Carmen Maria Machado’s stunning essay in Guernica on the power of women who take up space is an important read for people of any size. Midway through the piece, she describes what happens to self-perception when you live in a world where there’s little representation of your physical self, and what representation there is is mocking or shaming.
Every day, I look for myself in other women’s bodies. This is what happens when you never see yourself in television shows or catalogues or movies—you get hungry. In passersby, I seek out a faithful replica of my own full chest: my plastic-bag stomach pooched over jeans, my milk-carton hips, and my face with its peach-pit cheekbones set in coffee grounds. In this way, I see myself in pieces, mostly, and have to assemble my body in my mind.
It isn’t like my mother and the woman buying the peppers; I’m not disgusted or afraid. I just want to know what I look like to other people. And every so often, I get to see all of those pieces together, and it feels like the reverberations after an orgasm—a low, deep satisfaction.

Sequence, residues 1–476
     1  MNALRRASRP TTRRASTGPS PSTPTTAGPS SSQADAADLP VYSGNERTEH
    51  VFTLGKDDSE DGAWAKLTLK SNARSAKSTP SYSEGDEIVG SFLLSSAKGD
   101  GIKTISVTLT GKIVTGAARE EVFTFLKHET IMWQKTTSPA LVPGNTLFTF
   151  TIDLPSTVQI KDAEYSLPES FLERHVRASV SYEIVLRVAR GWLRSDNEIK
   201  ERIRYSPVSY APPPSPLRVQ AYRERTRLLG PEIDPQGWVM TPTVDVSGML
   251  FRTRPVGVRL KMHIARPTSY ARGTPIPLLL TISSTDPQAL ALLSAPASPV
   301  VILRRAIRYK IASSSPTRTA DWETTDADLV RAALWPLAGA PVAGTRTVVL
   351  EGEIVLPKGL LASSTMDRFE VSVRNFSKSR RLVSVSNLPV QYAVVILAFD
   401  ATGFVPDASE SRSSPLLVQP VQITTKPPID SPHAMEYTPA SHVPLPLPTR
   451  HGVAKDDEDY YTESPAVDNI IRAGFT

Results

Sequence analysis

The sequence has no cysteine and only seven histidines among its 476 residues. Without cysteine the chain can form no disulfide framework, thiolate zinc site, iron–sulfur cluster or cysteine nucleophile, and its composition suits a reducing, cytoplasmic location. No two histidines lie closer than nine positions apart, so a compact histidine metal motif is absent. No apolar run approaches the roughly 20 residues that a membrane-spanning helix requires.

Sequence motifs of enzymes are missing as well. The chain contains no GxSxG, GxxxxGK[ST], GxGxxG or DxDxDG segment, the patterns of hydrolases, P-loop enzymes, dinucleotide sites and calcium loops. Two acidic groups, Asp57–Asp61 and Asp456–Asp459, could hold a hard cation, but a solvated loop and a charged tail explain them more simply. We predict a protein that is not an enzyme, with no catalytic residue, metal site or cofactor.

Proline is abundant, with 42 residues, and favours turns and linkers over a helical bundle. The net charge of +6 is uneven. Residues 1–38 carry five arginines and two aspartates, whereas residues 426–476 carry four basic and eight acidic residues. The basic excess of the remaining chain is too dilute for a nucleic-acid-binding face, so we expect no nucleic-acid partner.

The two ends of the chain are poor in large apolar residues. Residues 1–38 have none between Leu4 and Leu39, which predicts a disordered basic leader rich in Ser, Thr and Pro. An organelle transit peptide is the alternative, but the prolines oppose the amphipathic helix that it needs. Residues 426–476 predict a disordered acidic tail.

The beautiful fat woman is across from me on the subway platform, chewing on her nail. She’s trying on really nice shoes in the same store where I am trying on really nice shoes. She’s catching her reflection in a window in the hatched streets of our shared city, and I can’t stop looking at her. Does she resemble me, or do I just hope that because she’s so beautiful? Does that make me vain, or stupid? Why does seeing a woman who might actually look like me make me want to sit down on the pavement and cry?